CM . . .
. Volume XXI Number 29 . . . . April 3, 2015
High Peaks Engineering discusses the construction of transportation routes, mainly railways, through the mountains between southwest Alberta and southeast British Columbia over one hundred and fifty years in the nineteenth and twentieth centuries. This was very hazardous work and required a great number of men and a great deal of money and material.
The book has 11 chapters of varying lengths, as well as a prologue and epilogue which are both useful. It has an Index, suggestions for Further Reading and a Chronology. There are 14 functional black and white photographs spread throughout the book and two useful maps. A glossary would have been helpful to explain terms which are rarely used, such as “theodolites” and “Devils Clubs”. Occasionally, explanations are given in the text. (Telegraph is an example. Tele means far and graph means write in Greek.) Also, a picture or diagram of the oft-mentioned “snowshed” would have been welcome.
The first project discussed is the construction of the CPR, a massive undertaking at any time, through the mountain ranges in western Canada, but particularly challenging in the 19th century when the tools available were primitive compared to those available today. The story of its construction and the many challenges the workers faced in dealing with the powerful rapids and rock wall canyons of the Fraser River is truly amazing.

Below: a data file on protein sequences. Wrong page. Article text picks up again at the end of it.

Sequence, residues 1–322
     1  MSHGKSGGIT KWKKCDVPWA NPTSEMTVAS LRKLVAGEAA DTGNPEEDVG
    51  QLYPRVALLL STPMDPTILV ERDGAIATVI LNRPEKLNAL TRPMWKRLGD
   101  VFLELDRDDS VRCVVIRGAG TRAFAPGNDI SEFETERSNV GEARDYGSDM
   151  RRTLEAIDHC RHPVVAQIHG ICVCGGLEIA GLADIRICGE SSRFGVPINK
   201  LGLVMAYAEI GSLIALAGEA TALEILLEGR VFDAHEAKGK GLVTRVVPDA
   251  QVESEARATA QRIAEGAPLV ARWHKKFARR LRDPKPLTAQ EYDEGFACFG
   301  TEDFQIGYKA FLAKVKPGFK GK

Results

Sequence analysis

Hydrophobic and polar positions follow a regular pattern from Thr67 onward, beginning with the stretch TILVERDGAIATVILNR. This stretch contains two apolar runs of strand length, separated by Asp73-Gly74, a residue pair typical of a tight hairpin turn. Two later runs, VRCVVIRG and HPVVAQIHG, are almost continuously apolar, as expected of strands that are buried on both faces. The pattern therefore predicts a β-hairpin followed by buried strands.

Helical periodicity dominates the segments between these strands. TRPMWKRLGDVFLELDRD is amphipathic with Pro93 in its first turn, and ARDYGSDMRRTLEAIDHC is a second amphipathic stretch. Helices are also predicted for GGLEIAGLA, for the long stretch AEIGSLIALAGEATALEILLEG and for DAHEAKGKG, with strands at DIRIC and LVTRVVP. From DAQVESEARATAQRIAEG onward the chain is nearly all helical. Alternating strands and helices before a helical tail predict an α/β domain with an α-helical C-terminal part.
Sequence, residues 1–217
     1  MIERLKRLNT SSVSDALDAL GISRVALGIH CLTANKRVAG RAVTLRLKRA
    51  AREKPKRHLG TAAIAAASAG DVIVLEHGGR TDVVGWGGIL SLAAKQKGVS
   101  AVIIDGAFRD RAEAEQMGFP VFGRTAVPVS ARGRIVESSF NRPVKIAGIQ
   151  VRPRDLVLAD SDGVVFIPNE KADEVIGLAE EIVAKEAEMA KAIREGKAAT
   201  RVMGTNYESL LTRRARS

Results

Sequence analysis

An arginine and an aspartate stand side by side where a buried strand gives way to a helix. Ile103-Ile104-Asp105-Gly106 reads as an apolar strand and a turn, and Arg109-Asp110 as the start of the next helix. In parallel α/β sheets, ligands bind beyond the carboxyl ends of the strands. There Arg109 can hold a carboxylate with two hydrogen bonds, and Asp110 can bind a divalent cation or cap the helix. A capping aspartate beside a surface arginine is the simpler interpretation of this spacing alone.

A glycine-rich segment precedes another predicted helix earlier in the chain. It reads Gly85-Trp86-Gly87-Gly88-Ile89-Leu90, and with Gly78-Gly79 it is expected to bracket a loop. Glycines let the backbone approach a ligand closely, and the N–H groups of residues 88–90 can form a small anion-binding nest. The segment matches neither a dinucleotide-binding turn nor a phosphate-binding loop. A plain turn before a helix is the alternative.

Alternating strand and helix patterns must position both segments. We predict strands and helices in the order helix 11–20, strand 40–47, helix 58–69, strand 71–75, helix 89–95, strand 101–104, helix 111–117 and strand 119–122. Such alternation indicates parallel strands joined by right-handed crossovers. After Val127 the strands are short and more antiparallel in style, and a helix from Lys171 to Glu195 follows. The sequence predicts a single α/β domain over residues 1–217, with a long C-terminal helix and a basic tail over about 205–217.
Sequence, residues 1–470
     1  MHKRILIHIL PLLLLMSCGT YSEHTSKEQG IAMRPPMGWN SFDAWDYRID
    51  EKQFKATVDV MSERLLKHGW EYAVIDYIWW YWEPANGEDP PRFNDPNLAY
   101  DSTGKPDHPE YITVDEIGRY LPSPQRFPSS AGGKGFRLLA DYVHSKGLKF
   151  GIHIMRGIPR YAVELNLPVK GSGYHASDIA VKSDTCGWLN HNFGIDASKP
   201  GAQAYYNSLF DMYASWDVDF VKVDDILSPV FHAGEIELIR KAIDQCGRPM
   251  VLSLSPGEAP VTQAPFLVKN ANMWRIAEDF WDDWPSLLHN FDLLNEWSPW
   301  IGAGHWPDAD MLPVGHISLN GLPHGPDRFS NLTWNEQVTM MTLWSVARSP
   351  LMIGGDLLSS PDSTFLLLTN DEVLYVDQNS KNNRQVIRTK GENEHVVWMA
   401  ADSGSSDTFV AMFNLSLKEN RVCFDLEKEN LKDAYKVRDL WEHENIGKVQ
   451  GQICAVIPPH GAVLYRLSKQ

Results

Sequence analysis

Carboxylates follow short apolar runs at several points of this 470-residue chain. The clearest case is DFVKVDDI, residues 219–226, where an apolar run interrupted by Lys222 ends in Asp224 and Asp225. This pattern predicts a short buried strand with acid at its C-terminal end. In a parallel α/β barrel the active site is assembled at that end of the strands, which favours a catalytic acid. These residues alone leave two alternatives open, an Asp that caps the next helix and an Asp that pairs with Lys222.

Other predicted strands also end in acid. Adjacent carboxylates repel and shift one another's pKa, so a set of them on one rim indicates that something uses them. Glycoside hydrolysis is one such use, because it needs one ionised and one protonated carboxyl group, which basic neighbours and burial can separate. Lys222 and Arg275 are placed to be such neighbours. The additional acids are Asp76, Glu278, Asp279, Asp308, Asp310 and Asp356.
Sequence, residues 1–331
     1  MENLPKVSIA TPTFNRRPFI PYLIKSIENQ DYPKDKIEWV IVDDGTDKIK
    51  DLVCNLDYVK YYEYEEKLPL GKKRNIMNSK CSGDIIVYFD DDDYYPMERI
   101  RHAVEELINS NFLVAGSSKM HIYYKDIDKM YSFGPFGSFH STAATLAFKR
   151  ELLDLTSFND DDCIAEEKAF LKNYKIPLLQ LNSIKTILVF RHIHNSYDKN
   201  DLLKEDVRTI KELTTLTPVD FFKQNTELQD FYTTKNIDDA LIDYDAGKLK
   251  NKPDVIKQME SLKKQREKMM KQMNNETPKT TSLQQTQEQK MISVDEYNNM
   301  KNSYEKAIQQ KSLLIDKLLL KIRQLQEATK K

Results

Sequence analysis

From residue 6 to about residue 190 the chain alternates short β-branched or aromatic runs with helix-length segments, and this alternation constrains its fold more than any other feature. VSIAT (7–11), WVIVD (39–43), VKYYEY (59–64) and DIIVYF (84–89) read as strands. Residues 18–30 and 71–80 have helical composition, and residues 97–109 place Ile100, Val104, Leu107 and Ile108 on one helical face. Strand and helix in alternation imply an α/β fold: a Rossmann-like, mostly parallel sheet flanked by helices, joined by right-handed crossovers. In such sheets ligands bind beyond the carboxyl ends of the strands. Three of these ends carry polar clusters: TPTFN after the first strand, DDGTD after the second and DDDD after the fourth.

Another interesting project was the construction of the Kettle Valley Railway (KVR) which provided train service in southwestern BC between Castlegar, Hope and Spences Bridge. Built between 1910 and 1915, it was only 525 kilometres, but its construction required 43 bridges, 22 million board feet of lumber and 4,500 tonnes of steel. In addition, 13 tunnels and 16 snowsheds were required. However, the environment proved too hostile to maintain the railway, and it exists today only as a tourist attraction in a 16 mile section.
As one would expect in endeavours of this nature, you meet some very interesting characters. One of these is Albert Bowman (A. B.) “Hell’s Bells” Rogers. His name may not make the reader sit up and take notice, but his description as a “short, scrawny 52 year-old with flaring whiskers, a foul mouth, and a fascination with immortality” certainly will. A most unusual man, Rogers was described by William Van Horne, the President of the CPR, as the “engineering saviour” of the railway.
High Peaks Engineering could only be used for recreational reading. It is a very detailed and factual book. There are so many facts it is difficult to know if all of them are accurate. The great quantity of detail makes the book a slow and sometimes boring read. Some of the details could have been omitted without harming the book.
L. D. Cross, the author of High Peaks Engineering has written a number of nonfiction books, including Flying On Instinct and Treasure Under The Tundra. In addition to writing, she has had a varied career including employment with Industry Canada as a Senior Policy Analyst. She is certainly qualified to write about engineering feats.
Thomas F. Chambers, an author and retired college teacher, lives in North Bay, ON.
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